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Serious infections in patients with relapsing and progressive forms of multiple sclerosis: A German claims data study

Open AccessPublished:October 15, 2022DOI:https://doi.org/10.1016/j.msard.2022.104245

      Highlights

      • The risk of serious infections in MS patients varies according to MS phenotype.
      • Higher rates of infection were observed in older, male, and progressive individuals.
      • Progressive MS patients had 4-times as many serious infections as those with RRMS.
      • Most SIs were of bacterial origin or impacted respiratory and genitourinary tracts.

      Abstract

      Background

      People with multiple sclerosis (pwMS) have a higher risk of serious infection (i.e., infection-related hospitalizations) than people without MS. Few studies have explored the risk of serious infections by MS phenotype in a real-world setting. This retrospective study compared the incidence of serious infections among people with relapse remitting MS (RRMS), primary progressive MS (PPMS), and secondary progressive MS (SPMS).

      Methods

      Adult pwMS were selected from a German claims database, based on one inpatient or two outpatient diagnoses of MS (ICD-10 G35) by a neurologist from 01/01/2016 to 12/31/2018. Three cohorts (RRMS, PPMS, SPMS) were identified based on codes for MS subtypes included in the German Modification of the ICD-10 system. A fourth cohort of unspecified MS patients combined those with conflicting MS subtype diagnoses and multiple unspecified codes for MS. Serious infections were defined as hospitalizations for which infections were selected as the primary inpatient diagnosis. Infections were identified from a basket of ICD-10 codes distributed across 11 main categories, according to possible pathogen (e.g., other bacterial diseases [A30-A49]) or anatomical location (e.g., urinary tract infection [N39.0]). Multiple infections were counted if an interval of at least 60 days was recorded between episodes. Serious infections were counted from index (i.e., first recorded MS code) until the end of the study period or death. Incidence rates (IRs) were reported per 100 patient years (PY).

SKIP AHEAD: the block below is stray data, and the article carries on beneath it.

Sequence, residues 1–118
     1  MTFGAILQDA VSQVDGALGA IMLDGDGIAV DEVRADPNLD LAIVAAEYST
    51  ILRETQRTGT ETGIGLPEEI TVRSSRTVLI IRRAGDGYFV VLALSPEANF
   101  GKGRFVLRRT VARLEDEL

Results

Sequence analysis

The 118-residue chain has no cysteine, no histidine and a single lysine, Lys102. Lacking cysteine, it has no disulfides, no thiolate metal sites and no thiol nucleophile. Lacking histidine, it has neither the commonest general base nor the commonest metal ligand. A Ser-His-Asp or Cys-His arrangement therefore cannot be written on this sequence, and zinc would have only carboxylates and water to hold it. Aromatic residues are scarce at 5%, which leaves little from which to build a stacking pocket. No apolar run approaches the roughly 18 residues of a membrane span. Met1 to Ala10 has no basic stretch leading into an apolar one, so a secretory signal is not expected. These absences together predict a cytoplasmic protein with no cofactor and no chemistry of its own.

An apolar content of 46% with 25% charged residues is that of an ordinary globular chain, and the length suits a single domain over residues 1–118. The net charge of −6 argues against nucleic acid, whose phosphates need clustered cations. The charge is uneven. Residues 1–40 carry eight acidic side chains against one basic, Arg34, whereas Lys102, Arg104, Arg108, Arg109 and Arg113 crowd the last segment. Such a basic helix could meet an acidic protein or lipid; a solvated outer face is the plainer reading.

Results

      A total of 4,250 pwMS (RRMS: 2,307, PPMS: 282, SPMS: 558, unspecified MS: 1,135) were included; 32 patients progressed from RRMS to SPMS during the follow-up period. Mean (SD) age at baseline was 46.6 (13.6), 61.9 (12.4), and 62.5 (11.8) years in patients with RRMS, PPMS, and SPMS, respectively. Most pwMS were female (RRMS 74.8%, PPMS 62.1%, SPMS 67.4%). Progressive pwMS were more likely to have at least 1 comorbidity (PPMS 87.2%, SPMS 87.5%) compared to those with relapsing MS (61.9%). Most RRMS patients received disease-modifying therapy during follow-up (82.1%), while less than half of progressive MS patients did (PPMS 23.8%, SPMS 31.4%). Over a mean (SD) follow-up period of 3.5 (0.8) years, the IR of serious infections per 100 PY was higher in progressive MS cohorts (PPMS 13.5 [11.3–16.1], SPMS 13.6 [12.0–15.3]) than in the RRMS group (3.4 [3.0–3.7]). Yearly IRs remained stable over time in each cohort. Where anatomical location was specified, respiratory (2.0 per 100 PY) and genitourinary (1.9 per 100 PY) infections were most common. Across all subtypes, higher rates of serious infections were observed in men and older patients.

      Conclusion

      Progressive MS, older age and male sex are associated with an increased risk of serious infections. Overall, respiratory and genitourinary infections were the most commonly reported serious infections.

      Keywords

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